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Domestic violence programs have been founded by and are an integral part of local API communities — often located within an ethnic enclave or an easily accessible location. The close identification between program and community and between advocates and community members, can have both positive and negative impacts. Survivors may readily call on the program or a specific advocate for help, sensing trust and knowing that their language and cultural context and values will be understood. On the other hand, advocates may be identified as having ties with abusive members of the community, or not trusted to maintain confidentiality — making survivors reluctant to seek help from people so close to home.
A program may be embraced as an integral part of a community — serving as a valued symbol and resource affirming the community’s opposition to domestic violence and honoring the importance of healthy families and gender equality in relationships. It may also be viewed with antagonism — threatening the prevailing hierarchical order which often supports patriarchal values including tolerating or even promoting domestic violence. Individual advocates can, and are, vulnerable to emotional and physical harm — negotiating public exposure as they struggle for personal privacy and protection from community hostility. Being centered in the community is definitely considered an asset by programs that are most organically linked to the community they represent, but it also carries certain risks.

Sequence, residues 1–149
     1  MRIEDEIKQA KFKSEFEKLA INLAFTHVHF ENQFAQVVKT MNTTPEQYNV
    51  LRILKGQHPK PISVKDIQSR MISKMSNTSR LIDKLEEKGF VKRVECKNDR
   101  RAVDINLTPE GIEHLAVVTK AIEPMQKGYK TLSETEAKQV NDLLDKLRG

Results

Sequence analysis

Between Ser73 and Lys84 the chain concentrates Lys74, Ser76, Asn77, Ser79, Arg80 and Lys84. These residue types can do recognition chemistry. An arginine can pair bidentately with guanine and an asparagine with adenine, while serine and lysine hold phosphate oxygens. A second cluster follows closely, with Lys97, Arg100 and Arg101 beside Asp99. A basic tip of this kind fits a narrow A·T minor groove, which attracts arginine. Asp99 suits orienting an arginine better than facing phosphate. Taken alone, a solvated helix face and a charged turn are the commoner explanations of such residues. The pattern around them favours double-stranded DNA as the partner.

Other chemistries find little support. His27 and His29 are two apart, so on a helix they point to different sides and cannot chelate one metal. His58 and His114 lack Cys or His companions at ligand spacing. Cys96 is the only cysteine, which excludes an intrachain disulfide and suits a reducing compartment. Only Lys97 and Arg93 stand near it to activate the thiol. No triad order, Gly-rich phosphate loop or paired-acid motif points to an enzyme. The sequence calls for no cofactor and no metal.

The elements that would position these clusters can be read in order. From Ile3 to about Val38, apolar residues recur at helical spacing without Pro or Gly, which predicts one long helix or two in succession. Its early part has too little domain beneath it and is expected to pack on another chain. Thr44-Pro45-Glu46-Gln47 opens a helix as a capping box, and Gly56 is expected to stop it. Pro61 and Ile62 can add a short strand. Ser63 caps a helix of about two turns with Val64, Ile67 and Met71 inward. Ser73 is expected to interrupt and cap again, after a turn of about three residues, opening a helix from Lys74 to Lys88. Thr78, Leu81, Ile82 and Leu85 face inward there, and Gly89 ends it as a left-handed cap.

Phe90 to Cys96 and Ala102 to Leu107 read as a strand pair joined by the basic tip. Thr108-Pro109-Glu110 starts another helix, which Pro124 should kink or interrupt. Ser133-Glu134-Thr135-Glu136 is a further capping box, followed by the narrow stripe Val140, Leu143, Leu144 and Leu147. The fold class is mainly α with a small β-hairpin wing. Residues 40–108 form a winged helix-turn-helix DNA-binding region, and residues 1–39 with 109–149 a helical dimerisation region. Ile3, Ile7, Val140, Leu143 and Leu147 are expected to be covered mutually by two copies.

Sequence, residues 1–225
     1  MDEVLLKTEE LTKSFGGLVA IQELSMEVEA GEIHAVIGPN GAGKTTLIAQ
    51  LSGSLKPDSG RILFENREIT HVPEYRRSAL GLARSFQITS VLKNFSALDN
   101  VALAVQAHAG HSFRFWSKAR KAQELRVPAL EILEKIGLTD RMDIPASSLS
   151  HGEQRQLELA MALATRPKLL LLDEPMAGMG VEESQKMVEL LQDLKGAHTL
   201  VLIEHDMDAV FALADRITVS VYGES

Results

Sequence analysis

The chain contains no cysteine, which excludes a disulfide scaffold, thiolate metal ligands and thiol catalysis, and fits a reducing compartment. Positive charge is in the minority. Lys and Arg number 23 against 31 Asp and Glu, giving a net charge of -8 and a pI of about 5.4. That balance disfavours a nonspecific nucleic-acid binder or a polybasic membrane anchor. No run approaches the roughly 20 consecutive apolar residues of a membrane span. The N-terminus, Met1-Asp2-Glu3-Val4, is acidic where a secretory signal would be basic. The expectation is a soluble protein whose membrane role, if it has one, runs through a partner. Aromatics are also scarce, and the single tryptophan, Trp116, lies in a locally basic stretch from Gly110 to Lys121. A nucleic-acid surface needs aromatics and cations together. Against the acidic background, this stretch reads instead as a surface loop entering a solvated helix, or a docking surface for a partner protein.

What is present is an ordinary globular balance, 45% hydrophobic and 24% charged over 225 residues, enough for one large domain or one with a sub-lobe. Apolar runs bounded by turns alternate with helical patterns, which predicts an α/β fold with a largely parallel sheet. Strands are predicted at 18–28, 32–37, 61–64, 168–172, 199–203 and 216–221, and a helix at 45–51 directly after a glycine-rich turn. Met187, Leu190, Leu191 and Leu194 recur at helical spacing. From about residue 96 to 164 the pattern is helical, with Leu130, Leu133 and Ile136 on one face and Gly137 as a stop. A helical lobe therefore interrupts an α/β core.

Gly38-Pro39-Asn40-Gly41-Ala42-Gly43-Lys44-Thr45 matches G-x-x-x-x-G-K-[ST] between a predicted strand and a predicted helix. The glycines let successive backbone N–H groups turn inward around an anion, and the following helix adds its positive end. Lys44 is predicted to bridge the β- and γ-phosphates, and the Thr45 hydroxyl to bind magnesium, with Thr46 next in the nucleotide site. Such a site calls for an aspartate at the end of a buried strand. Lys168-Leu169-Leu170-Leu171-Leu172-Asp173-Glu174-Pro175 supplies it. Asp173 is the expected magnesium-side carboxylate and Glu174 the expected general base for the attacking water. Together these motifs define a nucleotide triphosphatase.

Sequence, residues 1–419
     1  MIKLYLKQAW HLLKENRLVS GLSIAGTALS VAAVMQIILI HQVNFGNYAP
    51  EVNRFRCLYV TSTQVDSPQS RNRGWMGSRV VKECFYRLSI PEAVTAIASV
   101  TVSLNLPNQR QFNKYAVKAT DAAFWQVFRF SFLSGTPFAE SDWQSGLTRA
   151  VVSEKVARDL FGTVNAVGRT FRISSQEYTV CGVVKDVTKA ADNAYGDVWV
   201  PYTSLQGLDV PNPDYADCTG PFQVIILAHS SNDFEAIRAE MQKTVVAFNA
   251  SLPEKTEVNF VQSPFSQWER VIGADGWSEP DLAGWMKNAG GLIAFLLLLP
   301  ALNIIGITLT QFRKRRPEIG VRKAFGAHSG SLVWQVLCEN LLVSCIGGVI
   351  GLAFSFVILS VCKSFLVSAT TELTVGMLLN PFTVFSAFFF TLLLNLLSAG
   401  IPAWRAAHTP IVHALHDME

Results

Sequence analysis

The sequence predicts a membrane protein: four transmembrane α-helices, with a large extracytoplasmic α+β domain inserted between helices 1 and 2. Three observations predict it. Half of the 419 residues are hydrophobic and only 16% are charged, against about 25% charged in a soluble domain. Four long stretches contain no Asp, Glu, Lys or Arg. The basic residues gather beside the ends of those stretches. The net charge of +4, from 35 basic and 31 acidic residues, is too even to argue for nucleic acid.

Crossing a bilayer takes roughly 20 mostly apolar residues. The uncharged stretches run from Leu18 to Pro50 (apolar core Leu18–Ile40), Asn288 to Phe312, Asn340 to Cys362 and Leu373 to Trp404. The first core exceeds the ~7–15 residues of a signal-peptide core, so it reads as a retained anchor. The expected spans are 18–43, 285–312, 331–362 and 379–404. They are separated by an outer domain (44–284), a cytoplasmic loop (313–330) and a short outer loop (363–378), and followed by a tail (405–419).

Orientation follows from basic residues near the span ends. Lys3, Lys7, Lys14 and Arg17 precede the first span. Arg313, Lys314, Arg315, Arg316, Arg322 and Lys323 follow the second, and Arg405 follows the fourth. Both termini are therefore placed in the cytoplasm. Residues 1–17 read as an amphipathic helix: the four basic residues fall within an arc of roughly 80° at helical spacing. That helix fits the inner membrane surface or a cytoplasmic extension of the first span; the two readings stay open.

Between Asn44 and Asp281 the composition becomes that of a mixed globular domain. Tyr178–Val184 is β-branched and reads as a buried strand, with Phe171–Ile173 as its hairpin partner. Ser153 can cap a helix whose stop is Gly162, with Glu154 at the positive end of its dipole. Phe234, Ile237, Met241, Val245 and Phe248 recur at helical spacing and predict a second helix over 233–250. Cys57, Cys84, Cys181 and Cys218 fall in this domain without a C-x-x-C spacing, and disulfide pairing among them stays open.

Nevertheless, organizing around domestic and other forms of gender-based violence has been central to the activism and leadership of API women. There are currently over 160 established and start-up programs in 36 states and territories, spanning all U.S. regions, that explicitly address the special circumstances, challenges and complexities specific to API survivors.